The BBPA has today published ‘The Story of Beer Duty: 2008-2016’, detailing how the Government’s decision to abolish the Beer Duty Escalator helped to spark a major turnaround in the fortunes of the beer and pub sector.
The report, published in partnership with SIBA and CAMRA, articulates the two different approaches to beer duty between 2008 and 2016.
It outlines the damage caused by the Beer Duty Escalator, which saw beer duty increase by 42 per cent between 2008 and 2012. During this time, beer sales fell by a staggering 18.5 per cent, 3,700 pubs closed and 75,000 jobs were lost.
The abolition of the escalator in 2013, after years of campaigning by the BBPA and the wider industry, coupled with a ‘penny off a pint’ led to a major turnaround in the beer and pub sector. Beer sales have stabilised, with 2014 seeing the first year of beer sales growth in a decade.
As the report details, beer makes up nearly seven in every ten drinks sold in pubs. The reversal of falling beer sales has also generated investment in pub estates and breweries. More than £1 billion is being invested annually by brewers and pub owners, both in state-of-the-art brewing technology and refurbishments of Britain’s much-loved pubs. The report presents several case studies that demonstrate the industry’s commitment to investment.
Today, the beer and pub sector supports almost 900,000 jobs across the country, from farmers, to brewery technicians, and head chefs in pubs. One in thirteen young people currently working in Britain are employed in the beer and pub sector.
Across Britain, 30 million people visit Britain’s pubs each month, with over 15 million people drinking beer. Going to the pub is third on the list of things to do for overseas visitors to Britain and seven out of ten visit a pub whilst they are here.
The BBPA argues that it is now more important than ever that the Government continues to act to protect British beer and pubs; the BBPA has also recently published a manifesto, setting out how the beer and pub sector can continue to be a force for growth and job creation, as Britain prepares to leave the EU.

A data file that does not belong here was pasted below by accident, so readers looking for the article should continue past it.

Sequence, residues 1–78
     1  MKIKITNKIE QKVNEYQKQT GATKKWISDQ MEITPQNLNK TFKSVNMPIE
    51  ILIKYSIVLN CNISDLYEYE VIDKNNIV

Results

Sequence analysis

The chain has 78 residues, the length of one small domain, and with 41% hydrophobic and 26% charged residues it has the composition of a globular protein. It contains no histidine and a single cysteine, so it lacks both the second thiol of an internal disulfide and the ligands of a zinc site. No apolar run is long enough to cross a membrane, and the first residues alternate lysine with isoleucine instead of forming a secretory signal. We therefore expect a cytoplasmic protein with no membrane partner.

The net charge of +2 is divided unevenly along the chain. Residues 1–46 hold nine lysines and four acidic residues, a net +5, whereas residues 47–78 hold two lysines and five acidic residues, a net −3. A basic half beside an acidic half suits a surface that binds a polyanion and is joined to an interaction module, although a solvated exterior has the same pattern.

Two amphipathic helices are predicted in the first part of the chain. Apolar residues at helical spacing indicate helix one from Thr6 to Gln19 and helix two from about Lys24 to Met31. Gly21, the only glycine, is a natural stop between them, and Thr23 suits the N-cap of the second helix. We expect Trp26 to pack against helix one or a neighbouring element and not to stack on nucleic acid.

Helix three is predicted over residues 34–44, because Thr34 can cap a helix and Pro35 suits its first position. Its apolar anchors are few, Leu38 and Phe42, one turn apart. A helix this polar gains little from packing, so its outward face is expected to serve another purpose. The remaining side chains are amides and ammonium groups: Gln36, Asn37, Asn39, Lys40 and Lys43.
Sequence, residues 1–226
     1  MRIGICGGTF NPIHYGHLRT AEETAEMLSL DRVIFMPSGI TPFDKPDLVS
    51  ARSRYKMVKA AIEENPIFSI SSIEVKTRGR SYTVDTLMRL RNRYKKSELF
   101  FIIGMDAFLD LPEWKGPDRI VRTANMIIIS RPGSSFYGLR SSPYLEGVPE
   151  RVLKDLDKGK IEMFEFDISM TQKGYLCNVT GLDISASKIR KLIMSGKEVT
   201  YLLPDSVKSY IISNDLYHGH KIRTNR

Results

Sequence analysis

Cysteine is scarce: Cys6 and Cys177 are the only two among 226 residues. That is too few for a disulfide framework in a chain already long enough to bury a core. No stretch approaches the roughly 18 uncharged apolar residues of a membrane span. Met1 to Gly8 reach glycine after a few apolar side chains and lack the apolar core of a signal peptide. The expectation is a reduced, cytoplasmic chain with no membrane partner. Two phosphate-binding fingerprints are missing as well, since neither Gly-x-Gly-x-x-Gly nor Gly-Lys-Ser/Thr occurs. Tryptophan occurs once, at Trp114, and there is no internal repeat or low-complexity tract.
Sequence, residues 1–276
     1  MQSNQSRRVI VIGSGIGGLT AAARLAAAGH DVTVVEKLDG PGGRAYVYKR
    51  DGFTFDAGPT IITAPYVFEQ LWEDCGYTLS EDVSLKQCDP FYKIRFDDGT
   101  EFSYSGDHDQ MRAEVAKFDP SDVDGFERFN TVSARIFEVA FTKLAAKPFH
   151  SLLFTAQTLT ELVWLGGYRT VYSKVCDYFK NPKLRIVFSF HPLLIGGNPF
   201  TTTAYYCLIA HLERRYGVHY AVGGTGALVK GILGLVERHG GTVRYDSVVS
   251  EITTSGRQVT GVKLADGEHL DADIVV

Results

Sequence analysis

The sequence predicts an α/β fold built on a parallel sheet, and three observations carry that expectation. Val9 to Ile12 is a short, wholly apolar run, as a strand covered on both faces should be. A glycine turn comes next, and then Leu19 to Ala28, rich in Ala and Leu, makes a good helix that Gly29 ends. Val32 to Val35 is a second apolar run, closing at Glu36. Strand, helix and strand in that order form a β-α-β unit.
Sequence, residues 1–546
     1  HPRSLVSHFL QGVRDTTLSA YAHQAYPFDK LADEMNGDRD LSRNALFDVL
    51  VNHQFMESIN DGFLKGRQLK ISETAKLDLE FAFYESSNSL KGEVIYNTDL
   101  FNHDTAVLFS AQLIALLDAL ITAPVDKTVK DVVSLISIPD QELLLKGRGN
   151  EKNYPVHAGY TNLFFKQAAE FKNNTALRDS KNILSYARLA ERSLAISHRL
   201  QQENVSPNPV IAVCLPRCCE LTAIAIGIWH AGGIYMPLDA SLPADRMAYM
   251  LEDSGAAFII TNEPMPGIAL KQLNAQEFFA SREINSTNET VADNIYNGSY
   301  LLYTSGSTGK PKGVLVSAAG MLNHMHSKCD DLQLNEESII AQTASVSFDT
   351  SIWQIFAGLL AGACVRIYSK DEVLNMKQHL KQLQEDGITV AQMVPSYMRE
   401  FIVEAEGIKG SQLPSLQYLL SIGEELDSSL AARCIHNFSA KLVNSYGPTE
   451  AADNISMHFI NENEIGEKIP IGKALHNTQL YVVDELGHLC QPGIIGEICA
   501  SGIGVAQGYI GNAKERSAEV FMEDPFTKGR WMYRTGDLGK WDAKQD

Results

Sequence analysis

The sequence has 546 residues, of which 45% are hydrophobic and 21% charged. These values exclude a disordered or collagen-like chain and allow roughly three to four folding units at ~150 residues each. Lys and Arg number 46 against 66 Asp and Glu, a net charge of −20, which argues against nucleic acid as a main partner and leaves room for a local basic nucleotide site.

Brigid Simmonds, BPBA Chief Executive, comments: “The Story of Beer Duty report shows us that ‘a penny off a pint’ in 2013 was much more than a good headline or political gimmick. The effects of the removal of the Beer Duty Escalator have been extraordinary, and I am proud that the BBPA, alongside SIBA and CAMRA, played such a key role in its abolition.
“We will continue to work with Government as the process of leaving the European Union begins. Given that we still pay 40 per cent of the total beer tax bill in Europe, but only consume 13 per cent of the product, it is vital that there are no increases in beer duty. It is also vital that Britain’s beer and pubs are protected, so that the sector can continue to be a powerful source of growth and jobs.”
Mike Benner, SIBA Managing Director, adds: “SIBA is proud to have played a central role alongside the BBPA and CAMRA in the scrapping of the Beer Duty Escalator. This, along with subsequent duty cuts, has had a hugely positive effect on the beer industry by keeping prices affordable for consumers and encouraging investment into independent craft breweries, and it is essential that support for this great British industry continues.”
Colin Valentine, CAMRA National Chairman said: “It is clear that reductions in beer tax have had an immensely positive impact on the industry, and helped keep the price of a pint affordable for consumers.
“A report commissioned by CAMRA found that three consecutive cuts in beer duty and the abolition of the beer duty escalator have helped stem the number of pub closures and supported more than 26,000 additional jobs. Any future hikes in beer duty would curb the good work the Government has done to support pubs, and drive people to drink at home rather than in their local pub”.